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Introduction

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ADSL is without doubt the only choice for home users or small businesses wanting fast, reliable and cheap Internet access. However, this ‘always on’ type of connection brings with it a host of troubles not least in terms of security, so a decent firewall is a must-have purchase as well. You’ll want to share this connection among multiple users so your PCs need to be networked. And what about wireless? With this in the equation you can share an Internet connection among all your family or staff without having to worry about cable related clutter. Furthermore, businesses wanting to provide secure remote access to company network resources over the Internet are increasingly looking at VPNs (virtual private networks) as the safest way to deliver this.

You could try bolting on individual components to provide these facilities but this will be expensive, time consuming and difficult to manage; so why not get one device that does it all? In this group test we take a look at ten ADSL routers that provide everything you’re likely to need in one box. Don’t bother with an ADSL modem – these all have one integrated. A four-port Ethernet switch is also standard so you can easily connect other PCs to your Internet-enabled network and you’re not limited to four systems either as you can cascade more hubs or switches from the router to increase the port count.

Firewall software products may be the cheapest solution for keeping unwanted visitors at bay but we’ve found their constant nagging about potential security breaches a real turn-off. If you want to get tough with hackers a hardware-based stateful packet inspection (SPI) firewall is the only way to go and most of these routers have one. Designed to inspect all incoming data from the Internet they only let in what you requested and they won’t pester you with questions all the time either.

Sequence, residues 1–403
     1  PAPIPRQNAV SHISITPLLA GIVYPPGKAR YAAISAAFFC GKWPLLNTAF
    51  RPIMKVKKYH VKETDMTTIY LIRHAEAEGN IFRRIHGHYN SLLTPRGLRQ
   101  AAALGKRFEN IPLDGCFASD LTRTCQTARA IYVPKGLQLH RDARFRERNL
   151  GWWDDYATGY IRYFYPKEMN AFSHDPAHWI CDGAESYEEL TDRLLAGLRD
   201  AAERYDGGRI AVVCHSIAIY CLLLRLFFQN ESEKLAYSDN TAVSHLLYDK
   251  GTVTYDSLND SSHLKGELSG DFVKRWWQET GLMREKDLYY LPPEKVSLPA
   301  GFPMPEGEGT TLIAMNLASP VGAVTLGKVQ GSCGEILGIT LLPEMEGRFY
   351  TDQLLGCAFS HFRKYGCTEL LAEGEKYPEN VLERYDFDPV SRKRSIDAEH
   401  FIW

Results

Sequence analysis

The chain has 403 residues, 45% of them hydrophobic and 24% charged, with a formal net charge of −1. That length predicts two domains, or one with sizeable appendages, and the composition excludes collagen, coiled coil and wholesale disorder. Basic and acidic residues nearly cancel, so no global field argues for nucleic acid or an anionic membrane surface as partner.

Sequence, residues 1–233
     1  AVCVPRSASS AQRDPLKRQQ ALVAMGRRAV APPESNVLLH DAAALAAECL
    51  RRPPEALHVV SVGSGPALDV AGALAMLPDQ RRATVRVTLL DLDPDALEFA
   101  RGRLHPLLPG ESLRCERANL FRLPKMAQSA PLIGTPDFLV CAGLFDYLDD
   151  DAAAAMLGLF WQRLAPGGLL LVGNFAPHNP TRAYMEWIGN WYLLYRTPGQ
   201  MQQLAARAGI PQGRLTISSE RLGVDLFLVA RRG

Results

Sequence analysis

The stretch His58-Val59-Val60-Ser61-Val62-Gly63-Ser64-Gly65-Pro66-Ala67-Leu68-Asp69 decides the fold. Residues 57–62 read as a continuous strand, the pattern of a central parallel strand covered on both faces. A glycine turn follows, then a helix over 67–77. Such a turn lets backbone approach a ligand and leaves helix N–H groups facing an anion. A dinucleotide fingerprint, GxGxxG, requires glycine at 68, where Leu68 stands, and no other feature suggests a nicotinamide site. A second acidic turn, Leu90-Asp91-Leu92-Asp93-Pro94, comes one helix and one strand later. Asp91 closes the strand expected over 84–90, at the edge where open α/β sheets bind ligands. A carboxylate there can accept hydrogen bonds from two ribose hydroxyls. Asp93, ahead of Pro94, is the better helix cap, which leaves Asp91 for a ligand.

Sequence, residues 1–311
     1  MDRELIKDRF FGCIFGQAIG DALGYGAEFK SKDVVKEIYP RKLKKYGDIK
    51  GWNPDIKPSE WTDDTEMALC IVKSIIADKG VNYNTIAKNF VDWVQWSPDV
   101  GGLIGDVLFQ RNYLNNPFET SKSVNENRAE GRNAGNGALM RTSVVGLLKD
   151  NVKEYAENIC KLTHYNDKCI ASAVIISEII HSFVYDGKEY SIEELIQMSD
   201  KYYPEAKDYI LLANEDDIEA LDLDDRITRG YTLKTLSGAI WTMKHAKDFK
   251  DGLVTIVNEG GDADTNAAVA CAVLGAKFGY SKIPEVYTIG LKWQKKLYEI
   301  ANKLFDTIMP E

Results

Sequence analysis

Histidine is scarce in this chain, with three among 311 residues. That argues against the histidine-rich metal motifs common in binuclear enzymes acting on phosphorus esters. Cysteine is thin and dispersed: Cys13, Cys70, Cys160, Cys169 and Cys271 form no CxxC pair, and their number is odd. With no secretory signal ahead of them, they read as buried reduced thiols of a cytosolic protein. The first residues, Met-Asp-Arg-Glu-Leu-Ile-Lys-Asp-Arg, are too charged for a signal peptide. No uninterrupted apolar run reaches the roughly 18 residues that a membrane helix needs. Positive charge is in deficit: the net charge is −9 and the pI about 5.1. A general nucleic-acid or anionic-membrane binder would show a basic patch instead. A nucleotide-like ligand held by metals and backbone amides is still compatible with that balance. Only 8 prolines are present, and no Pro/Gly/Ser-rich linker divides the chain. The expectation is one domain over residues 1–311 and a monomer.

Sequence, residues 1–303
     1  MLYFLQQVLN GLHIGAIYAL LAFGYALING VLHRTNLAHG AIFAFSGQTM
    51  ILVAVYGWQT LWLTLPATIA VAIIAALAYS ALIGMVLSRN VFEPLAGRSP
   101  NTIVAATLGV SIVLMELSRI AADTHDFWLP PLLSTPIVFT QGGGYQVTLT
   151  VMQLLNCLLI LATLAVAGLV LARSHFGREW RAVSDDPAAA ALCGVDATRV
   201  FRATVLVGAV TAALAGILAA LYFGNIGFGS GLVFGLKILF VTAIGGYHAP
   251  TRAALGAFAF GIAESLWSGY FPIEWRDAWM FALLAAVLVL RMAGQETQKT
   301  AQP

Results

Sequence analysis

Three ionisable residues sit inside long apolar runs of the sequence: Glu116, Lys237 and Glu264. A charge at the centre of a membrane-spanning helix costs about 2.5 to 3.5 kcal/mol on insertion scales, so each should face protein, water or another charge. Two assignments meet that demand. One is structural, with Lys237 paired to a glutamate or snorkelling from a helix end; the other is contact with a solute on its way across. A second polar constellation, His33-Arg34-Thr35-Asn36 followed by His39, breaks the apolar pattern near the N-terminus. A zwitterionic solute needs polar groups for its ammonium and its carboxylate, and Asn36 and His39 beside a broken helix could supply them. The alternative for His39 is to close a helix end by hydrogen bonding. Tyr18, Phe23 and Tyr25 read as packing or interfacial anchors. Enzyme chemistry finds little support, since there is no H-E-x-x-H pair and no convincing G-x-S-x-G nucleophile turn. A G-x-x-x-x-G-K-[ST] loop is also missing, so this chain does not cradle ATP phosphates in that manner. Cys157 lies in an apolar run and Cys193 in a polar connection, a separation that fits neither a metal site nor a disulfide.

Wireless networking is an ideal cable-free way of linking users together and these routers all include an internal access point. However, the older 11Mbit/sec 802.11b standard may not be fast enough so every one of these units supports the latest 54Mbit/sec 802.11g specification as well and will work happily with both types of clients.

War-chalking and drive-by hacking is a big concern so 64 and 128bit WEP encryption are both on offer. However, these standards have been proven to be flaky so you’ll find many of the routers on review support the very latest and much more secure WPA (Wi-Fi Protected Access) standard as well.

But there’s so much more to these routers, as you can block local access to lists of web sites, only allow specific PCs access to the wireless component and all will look after local IP address assignments. Ease of installation is a big selling point so you should be able to install them with the minimum of fuss. There’s more good news as these routers don’t cost a bundle either with some coming in at less than £100 so read on to find the ideal one-box solution to all your networking and Internet needs.

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